Wednesday, February 05, 2003

The Egypt Game
by Zilpha Keatley Snyder.
215 pp. New York:
Atheneum, 1976
$14.95. (Ages 8 to 12)

There has been much talk lately about how television, video games and the Internet are rotting children's minds and bodies. They don't read or go outside and play. Maybe what they need is a reminder of simpler times. Maybe they need to read The Egypt Game.
Although The Egypt Game was written in 1976, it still deals with issues relevant to kids today: moving, making new friends, and crime. Throughout the adventure and mystery of the book one thing is conspicuously absent, television. The characters read, go to school, and play outside but never do they watch T.V.
The story begins when April's mother sends her to live with her grandmother. The university town is not where April wants to be after living with her aspiring actress mother in Hollywood but she figures it will not be for too long. Soon she meets her neighbor Melanie and her younger brother Marshall. Melanie and April soon discover their mutual love for imagination games and ancient Egypt. When they find the unused yard behind the A-Z curio shop, they realize it will be perfect for the Egypt game.
In order to prepare for the game, Melanie and April read all of the books, fiction and non-fiction, about ancient Egypt that are in their local public library. They also are characterized as voracious readers when they first meet.
After the research is done and a new tenant in their building, Elizabeth, is added to the group, they are ready to begin the game. Unfortunately this is when tragedy strikes. A child in their neighborhood is murdered and the police suspect a resident is to blame. Fingers start pointing at the Professor, a quiet old man who owns the A-Z shop. Now they can not leave the apartment building except to go to school. With Halloween approaching, the children decide to make costumes for the game. Parents agree to serve as chaperones for groups of kids so that the neighborhood can go trick-or-treating. This is a golden opportunity to visit Egypt again.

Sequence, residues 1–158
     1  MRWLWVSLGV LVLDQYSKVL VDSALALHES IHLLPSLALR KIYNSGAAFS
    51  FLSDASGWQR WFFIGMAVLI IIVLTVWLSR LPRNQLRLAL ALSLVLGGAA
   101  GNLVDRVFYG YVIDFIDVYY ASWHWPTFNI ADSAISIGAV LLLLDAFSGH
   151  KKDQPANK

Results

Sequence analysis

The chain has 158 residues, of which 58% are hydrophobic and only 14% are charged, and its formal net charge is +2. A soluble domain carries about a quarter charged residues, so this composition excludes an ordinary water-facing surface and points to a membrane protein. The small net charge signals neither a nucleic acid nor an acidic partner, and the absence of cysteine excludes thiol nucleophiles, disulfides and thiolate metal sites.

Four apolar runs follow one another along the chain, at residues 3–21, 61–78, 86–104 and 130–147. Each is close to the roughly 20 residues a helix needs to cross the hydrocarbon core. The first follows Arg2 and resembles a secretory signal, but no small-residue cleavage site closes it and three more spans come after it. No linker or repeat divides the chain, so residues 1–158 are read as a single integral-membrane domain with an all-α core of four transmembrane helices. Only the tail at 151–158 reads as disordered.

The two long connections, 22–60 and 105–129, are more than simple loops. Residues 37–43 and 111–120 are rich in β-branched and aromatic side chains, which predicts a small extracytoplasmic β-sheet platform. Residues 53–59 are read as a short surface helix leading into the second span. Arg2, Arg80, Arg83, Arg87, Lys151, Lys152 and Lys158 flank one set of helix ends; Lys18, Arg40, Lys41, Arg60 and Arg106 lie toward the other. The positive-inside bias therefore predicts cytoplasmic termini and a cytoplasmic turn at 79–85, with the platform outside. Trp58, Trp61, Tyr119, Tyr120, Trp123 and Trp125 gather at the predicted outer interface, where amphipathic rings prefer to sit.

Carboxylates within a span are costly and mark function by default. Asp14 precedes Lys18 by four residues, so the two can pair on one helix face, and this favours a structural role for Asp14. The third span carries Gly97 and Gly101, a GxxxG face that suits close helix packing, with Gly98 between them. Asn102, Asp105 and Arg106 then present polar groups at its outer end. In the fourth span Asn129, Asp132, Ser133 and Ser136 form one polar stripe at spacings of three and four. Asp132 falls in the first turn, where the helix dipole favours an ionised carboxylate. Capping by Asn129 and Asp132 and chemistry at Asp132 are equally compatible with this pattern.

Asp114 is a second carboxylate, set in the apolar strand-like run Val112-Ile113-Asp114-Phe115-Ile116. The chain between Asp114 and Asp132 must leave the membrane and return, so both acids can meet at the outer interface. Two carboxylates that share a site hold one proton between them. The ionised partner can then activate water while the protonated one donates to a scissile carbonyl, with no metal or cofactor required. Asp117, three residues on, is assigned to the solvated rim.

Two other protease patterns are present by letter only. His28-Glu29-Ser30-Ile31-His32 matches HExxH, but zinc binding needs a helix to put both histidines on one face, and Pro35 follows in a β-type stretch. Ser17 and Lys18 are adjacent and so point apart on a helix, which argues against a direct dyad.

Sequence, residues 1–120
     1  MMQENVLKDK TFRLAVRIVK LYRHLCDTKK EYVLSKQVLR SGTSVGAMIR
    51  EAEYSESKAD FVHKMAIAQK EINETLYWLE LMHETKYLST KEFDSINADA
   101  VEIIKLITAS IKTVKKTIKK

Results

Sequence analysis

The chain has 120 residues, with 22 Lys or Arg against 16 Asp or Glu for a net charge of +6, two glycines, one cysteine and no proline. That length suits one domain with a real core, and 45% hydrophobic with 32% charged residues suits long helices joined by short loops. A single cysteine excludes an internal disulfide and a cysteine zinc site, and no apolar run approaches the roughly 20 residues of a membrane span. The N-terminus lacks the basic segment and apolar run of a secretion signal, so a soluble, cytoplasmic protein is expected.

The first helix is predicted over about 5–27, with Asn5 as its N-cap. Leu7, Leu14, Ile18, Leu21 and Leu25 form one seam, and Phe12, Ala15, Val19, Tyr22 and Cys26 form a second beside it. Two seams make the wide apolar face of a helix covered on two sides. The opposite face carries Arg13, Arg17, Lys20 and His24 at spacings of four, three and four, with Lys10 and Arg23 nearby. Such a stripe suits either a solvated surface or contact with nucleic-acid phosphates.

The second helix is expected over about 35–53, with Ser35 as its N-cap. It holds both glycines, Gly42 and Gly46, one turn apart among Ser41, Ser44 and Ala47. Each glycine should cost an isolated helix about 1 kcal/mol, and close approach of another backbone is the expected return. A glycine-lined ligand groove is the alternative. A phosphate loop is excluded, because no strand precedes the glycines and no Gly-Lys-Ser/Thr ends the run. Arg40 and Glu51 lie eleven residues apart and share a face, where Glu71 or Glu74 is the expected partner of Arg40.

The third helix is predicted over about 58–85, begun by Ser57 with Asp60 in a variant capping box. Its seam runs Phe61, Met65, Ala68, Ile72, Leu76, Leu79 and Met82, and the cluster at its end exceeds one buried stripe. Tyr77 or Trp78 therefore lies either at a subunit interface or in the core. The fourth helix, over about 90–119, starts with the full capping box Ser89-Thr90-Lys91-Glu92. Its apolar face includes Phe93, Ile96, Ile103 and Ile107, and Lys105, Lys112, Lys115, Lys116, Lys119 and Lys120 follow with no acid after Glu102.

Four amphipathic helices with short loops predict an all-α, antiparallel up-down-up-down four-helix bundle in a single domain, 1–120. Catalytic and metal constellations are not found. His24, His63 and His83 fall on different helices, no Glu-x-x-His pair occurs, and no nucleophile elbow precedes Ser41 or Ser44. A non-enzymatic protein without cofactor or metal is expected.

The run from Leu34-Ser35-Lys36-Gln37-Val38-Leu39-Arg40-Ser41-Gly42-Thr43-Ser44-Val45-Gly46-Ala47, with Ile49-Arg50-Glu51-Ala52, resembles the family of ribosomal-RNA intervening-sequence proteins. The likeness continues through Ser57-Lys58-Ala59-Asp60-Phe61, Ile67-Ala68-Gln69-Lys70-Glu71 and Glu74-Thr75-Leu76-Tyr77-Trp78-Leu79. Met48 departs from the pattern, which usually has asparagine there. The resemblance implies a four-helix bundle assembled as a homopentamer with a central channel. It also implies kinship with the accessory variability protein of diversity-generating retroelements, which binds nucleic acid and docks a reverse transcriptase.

When they sneak off to Egypt during Halloween, they are followed by Toby and Ken from their sixth grade class. Now that they've been discovered they bring the boys in to keep the secret. Ken would rather play basketball but Toby is very excited and asks the girls what books they looked at so that he can come up with ideas too.
Soon the game is in full swing again with Egyptian names, hieroglyphics for sending messages, and new ceremonies. Then comes the oracle. After their teacher talks about them in class, the kids decide that an oracle is just what Egypt needs to liven things up. After more research the oracle is started. The oracle ends up starting another mystery when someone not involved with the game leaves an answer.
It all gets wrapped up at the end with the murderer being caught, with help from Marshall, and the discovery that the Professor answered the oracle's question.
Throughout the novel, the children use the library and books in order to fuel their imaginations for their game. The adventures they create are as riveting as the ones on T.V. or in video games. The Egypt Game can open a child's mind to the power of their imaginations.

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